Austin calls for an immediate reduction in violence in Afghanistan


Secretary of Defense Lloyd Austin speaks to Department of Defense officials during a visit by United States President Joe Biden to the Pentagon in Arlington, Virginia on February 10, 2021.

Carlos Barria | Reuters

WASHINGTON – Secretary of Defense Lloyd Austin told reporters at the Pentagon on Friday that the Biden administration had not yet decided whether the United States would withdraw its troops by May 1st.

Last February, the United States signed a treaty with the Taliban that would initiate a permanent ceasefire and further reduce the US military’s footprint from around 13,000 soldiers to 8,600 by mid-July last year.

According to the agreement, all foreign armed forces would have left the war-tired country by May 2021. There are currently around 2,500 US troops in the country.

“I urge all parties to choose the path to peace. The violence must now decrease,” Austin said in his first press conference with reporters.

“I have told our allies that regardless of the outcome of our review, the United States will not make a hasty or disorderly withdrawal from Afghanistan,” he said, referring to this week’s virtual NATO meetings.

“There will be no surprises. We will consult, consult together and decide together and act together,” said Austin of the NATO-led mission.

A day earlier, NATO Secretary General Jens Stoltenberg said the alliance would continue to assess the situation on the ground in Afghanistan. NATO joined the international security effort in Afghanistan in 2003 and currently has more than 7,000 soldiers in the country.

“Our goal is to ensure that we have a lasting political agreement that will allow us to leave in a way that doesn’t undermine our primary objective and that prevents Afghanistan from becoming a safe haven again.” [for terrorists]”Said Stoltenberg.

“The majority of the troops come from European allies and partner countries. We will do whatever is necessary to ensure that our troops are safe,” he said when asked if the alliance would be prepared for violence if the deal with the Taliban is reached is broken.

Members of the Kandahar Province Reconstruction Team depart to conduct an equipment inspection at a Ministry of Public Works facility in Afghanistan on Aug. 8.

Photo: U.S. Air Force photo by Staff Sgt. Timothy Chacon | Flickr CC

On Capitol Hill, bipartisan lawmakers urged a panel of experts on Friday recommending the United States not to reduce its military presence in Afghanistan.

“Since the US war in Afghanistan began nearly 20 years ago, more than 775,000 of our brave men and women in uniform have been sent to Afghanistan. More than 2,400 have made the ultimate sacrifice and another 20,000 have been wounded,” said Stephen Lynch, chairman of the Subcommittee on National Security Oversight and Reform said in his opening speech.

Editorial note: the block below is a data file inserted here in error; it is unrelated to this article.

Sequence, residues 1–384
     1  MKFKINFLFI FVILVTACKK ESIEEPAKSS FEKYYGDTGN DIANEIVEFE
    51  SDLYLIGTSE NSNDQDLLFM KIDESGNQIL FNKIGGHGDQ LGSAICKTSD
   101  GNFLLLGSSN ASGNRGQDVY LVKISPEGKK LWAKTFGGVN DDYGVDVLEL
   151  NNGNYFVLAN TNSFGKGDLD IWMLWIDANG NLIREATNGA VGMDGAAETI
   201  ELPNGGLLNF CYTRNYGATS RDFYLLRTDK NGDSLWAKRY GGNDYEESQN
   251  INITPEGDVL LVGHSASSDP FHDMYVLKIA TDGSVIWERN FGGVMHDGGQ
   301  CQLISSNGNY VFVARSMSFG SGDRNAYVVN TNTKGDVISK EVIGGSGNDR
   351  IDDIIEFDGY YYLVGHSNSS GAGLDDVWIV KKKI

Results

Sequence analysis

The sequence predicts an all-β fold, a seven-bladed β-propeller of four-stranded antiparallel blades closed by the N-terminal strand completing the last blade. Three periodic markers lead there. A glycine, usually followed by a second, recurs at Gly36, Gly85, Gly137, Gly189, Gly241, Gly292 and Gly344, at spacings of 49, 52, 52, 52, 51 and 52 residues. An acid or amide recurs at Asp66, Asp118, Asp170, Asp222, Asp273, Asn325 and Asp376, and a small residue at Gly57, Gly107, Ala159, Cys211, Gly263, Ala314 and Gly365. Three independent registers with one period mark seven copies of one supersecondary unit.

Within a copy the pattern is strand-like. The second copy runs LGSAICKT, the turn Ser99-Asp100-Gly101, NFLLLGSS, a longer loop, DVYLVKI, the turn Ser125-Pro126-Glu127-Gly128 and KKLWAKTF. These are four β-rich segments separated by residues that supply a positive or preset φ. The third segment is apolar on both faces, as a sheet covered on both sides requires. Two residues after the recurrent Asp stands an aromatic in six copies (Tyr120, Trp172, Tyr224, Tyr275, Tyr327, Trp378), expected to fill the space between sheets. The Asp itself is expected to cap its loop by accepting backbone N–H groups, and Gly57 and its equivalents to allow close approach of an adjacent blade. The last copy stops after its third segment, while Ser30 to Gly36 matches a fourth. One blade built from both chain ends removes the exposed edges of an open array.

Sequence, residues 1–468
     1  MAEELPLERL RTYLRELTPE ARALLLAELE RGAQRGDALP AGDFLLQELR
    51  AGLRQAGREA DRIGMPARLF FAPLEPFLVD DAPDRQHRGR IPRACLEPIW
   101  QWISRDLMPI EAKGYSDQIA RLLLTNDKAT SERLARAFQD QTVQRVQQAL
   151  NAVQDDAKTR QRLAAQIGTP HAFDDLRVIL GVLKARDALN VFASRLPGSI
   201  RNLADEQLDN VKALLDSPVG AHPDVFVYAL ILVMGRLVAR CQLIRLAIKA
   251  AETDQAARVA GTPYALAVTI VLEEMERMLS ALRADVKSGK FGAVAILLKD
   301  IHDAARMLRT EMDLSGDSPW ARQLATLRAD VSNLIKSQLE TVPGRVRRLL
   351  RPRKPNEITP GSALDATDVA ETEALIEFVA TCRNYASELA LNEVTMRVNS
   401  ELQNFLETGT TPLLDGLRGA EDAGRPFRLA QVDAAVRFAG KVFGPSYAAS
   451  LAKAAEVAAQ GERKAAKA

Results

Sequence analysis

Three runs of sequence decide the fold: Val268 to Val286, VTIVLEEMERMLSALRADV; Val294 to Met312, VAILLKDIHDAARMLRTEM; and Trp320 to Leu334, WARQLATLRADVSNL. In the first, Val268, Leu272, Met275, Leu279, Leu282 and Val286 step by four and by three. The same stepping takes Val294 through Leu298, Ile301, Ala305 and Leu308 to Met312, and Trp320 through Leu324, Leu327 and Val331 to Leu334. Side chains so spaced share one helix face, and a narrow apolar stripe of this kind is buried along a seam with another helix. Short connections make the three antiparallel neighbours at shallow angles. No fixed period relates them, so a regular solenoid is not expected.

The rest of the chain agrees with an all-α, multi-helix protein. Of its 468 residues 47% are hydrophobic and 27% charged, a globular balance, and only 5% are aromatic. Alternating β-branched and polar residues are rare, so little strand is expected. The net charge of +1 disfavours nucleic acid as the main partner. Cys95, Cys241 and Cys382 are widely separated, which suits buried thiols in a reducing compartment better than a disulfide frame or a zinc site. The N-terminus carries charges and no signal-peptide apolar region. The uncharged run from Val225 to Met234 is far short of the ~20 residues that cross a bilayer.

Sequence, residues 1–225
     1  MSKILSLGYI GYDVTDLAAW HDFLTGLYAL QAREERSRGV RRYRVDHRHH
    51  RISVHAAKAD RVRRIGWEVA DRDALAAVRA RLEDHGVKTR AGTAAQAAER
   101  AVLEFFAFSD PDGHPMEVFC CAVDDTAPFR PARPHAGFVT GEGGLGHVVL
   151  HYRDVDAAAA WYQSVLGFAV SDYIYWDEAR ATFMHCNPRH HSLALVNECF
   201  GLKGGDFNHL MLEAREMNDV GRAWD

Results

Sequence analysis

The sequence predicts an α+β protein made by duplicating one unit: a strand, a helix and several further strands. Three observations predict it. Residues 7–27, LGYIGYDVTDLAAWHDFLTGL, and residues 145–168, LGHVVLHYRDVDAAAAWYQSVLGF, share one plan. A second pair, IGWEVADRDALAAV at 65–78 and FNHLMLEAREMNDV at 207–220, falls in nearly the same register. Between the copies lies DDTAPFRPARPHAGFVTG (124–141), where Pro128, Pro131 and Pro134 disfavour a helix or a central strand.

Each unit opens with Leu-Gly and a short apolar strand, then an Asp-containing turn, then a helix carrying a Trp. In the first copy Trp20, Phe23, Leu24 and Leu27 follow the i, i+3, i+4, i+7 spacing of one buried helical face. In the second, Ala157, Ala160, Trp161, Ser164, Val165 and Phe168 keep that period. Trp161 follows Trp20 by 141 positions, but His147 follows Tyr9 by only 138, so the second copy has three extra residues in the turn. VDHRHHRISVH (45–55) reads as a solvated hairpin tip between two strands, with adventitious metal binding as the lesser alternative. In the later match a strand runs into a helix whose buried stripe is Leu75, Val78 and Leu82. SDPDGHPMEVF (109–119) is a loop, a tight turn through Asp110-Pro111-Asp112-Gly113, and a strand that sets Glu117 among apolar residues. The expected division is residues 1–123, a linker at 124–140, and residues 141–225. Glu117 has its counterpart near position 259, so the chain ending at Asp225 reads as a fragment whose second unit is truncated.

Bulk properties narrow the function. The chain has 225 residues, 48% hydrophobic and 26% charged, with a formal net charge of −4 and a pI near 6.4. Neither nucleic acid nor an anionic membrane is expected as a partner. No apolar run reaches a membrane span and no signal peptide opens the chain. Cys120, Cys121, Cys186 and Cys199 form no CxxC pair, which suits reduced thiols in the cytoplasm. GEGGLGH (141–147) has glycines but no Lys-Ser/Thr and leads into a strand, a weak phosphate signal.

“Almost 20 years of US engagement in Afghanistan could very well be defined in the next three to six months. Probably with profound consequences for US national security and the future stability of the region,” he added.

The panel wrote in a report released earlier this month that US forces should hold troops in the war-torn country “to give the peace process enough time to reach an acceptable outcome.”

Continue reading: Biden should hold US troops in Afghanistan after the May deadline, the study group says

Recommendations from the Afghanistan Study Group, a congressional bipartisan body of the United States Institute of Peace, come as the Biden administration conducts a review of its troop levels in the region.

“When is enough, enough for American engagement in this region?” asked the Louisiana Congressman Clay Higgins. “If American forces have to be present, why do real boots have to be on the ground?”

Former chairman of the chief of staff, Joseph Dunford, co-chair of the Afghanistan Study Group, said US intelligence would deteriorate if the military withdrew from the country.

“In order to be effective in the fight against terrorism, you have to create an ecosystem of intelligence, if you will, and we would not have the networks available from an intelligence point of view, we would not have the availability of the platform, ie the systems that enable us to do them Gather information and we wouldn’t have a chance to strike quickly with the resources it takes to destroy terrorists once the information has developed their location, “Dunford, a retired four-star Marine general, told lawmakers .

“So if we were doing it from outside Afghanistan, you’d only have one geometry and response problem, you wouldn’t be as effective,” he added.

The wars in Afghanistan, Iraq and Syria have cost US taxpayers more than $ 1.57 trillion since September 11, 2001, according to a Department of Defense report. The war in Afghanistan, now America’s longest conflict, began 19 years ago and cost US taxpayers $ 193 billion, according to the Pentagon.